“In contrast …Giacometti perceives contemporary humanity as having no reliable basis on which to order and delineate the space around us.”
I’ve been working my way through Being Human Religiously by James Luther Adams, slowly slowy, because his prose is like a big mouthful of Tootsie-Rolls. But the quotes in “Art, Psyche, and Society” I’m including in this post jumped out at me.
“The first criterion, then, of freedom for the individual in relation to society is that it requires the creation of a space; it requires it own turf, its own toehold, its own terra firma in face of dominating powers in the surrounding territory. In our day this means economic resources and political and economic rights–a dwelling, a job, freedom to move and to associate–enabling the individual to occupy a space in which he or she can make choices, choices that concern not only the individuals’ privacy but also a concrete relationship to society.”
“The first criterion involves a second. Since a viable space is a shared space, effective freedom must be a collective phenomenon…. Psychological space, if unsupported by social space, is an illusion. Psychological space supported by social space and social space supported by psychological space gives power to freedom–power in the sense of capacity to participate in the making of social decisions regarding public policy.”
With his talk about psychological space and social space, it can get lost that he is also, and essentially, talking about the space-space actually occupied by physical objects. Like people. Giacometti sculptures, those spindly uneven bodies frozen in action, show people pressed in space.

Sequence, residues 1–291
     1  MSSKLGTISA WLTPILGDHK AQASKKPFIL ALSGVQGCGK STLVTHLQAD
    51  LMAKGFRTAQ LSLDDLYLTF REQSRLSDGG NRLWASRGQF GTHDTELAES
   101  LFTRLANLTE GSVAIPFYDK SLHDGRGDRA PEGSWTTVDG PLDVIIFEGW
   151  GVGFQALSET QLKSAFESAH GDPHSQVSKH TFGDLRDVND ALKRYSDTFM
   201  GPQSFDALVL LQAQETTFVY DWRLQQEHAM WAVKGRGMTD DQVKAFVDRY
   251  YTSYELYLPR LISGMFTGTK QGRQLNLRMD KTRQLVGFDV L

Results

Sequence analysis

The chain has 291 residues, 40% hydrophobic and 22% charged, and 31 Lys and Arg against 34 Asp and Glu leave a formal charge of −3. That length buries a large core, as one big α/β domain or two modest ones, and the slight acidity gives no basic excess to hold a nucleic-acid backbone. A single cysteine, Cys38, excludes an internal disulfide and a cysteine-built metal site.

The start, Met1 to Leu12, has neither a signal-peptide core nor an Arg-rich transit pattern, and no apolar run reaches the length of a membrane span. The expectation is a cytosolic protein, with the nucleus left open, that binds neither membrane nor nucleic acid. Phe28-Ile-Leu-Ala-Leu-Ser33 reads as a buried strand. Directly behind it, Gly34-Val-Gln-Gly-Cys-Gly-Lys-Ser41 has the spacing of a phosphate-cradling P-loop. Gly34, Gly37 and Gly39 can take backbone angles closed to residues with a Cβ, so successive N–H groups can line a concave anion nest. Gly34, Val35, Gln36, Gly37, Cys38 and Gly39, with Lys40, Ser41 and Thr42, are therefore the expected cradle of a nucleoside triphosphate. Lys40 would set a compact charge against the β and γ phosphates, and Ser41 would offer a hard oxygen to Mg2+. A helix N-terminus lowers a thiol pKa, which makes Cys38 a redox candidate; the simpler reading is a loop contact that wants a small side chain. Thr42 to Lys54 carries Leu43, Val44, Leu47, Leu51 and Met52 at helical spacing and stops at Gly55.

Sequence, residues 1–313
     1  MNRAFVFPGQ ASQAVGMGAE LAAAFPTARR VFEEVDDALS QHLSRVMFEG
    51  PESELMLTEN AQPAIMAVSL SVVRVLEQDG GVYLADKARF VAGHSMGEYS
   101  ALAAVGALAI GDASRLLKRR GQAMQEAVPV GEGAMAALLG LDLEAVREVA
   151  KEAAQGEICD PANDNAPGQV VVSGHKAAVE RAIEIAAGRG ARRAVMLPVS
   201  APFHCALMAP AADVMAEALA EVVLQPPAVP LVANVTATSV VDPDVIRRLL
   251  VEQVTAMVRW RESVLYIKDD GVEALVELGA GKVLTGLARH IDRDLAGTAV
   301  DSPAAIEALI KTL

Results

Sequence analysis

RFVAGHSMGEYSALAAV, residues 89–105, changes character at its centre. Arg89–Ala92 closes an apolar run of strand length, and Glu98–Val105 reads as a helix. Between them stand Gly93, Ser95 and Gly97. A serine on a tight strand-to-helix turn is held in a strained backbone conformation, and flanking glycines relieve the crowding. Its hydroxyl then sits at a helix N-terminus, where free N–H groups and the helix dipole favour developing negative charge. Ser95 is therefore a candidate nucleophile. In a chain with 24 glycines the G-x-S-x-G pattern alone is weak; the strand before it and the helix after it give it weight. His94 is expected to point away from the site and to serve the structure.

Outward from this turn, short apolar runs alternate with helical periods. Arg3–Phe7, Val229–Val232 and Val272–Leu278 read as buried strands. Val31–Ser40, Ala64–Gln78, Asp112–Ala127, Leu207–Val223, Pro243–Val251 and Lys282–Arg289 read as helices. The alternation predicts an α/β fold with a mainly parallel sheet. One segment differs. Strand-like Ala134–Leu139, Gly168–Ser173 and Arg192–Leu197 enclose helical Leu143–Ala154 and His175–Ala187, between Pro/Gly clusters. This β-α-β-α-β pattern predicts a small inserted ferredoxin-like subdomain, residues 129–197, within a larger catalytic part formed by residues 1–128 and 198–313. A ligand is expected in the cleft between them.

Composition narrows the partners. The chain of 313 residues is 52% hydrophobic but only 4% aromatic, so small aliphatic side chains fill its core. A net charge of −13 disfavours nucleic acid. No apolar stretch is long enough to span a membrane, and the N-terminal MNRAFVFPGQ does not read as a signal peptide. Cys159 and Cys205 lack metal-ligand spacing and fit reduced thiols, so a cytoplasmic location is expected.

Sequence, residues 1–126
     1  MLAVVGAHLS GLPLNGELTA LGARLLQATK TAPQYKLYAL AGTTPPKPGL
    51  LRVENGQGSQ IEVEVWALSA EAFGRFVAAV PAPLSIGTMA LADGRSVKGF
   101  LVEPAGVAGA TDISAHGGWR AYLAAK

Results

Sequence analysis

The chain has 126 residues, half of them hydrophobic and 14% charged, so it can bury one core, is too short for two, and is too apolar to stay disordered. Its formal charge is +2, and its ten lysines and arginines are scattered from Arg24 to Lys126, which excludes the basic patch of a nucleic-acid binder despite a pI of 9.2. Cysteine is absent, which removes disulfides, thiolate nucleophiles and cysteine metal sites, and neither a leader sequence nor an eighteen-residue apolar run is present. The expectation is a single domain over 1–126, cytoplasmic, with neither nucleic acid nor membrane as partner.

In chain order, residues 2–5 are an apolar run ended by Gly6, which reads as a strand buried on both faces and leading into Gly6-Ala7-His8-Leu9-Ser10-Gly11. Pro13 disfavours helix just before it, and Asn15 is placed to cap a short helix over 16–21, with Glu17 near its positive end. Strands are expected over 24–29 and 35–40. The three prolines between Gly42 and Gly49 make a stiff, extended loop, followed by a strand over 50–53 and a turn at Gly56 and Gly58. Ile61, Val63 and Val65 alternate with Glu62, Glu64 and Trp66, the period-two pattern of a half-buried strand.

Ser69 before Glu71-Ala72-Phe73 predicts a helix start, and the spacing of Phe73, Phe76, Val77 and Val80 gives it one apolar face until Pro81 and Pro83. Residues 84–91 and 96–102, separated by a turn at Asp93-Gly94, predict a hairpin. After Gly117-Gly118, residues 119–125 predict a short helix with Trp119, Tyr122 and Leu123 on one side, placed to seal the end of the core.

Adams is saying for an individual to be free, she has to have a place to act, a belief that action is possible, and a social agreement that action is meaningful. He is also saying that it takes a lot of freedom in order for there to be any freedom, and that the ability to act on freedom is the ability to help change the way the world operates.
People feel hemmed in, unable to meaningfully act in the world. Their psychological space is compressed. The social space presses in on them–they cannot find a dwelling, a job, a way of connecting that relieves that pressure. But a physical space opens up, and they go to the park. A small community forms, and the pressures of the social space lessen, the psychological spaces open up, and the power of freedom exercised by a relative few changes–maybe only a little bit, and maybe only for several weeks–the way a nation understands its potential.
Quotes from “Art, Psyche, and Society” in On Being Human Religiously, originally published in the Perkins Journal, Fall 1972.